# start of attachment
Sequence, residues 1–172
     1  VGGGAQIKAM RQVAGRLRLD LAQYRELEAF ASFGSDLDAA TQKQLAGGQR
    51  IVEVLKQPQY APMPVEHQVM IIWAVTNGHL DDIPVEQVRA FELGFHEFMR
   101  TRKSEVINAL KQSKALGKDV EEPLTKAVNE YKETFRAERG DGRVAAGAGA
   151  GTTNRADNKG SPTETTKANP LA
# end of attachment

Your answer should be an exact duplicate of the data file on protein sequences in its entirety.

Sequence, residues 1–172
     1  VGGGAQIKAM RQVAGRLRLD LAQYRELEAF ASFGSDLDAA TQKQLAGGQR
    51  IVEVLKQPQY APMPVEHQVM IIWAVTNGHL DDIPVEQVRA FELGFHEFMR
   101  TRKSEVINAL KQSKALGKDV EEPLTKAVNE YKETFRAERG DGRVAAGAGA
   151  GTTNRADNKG SPTETTKANP LA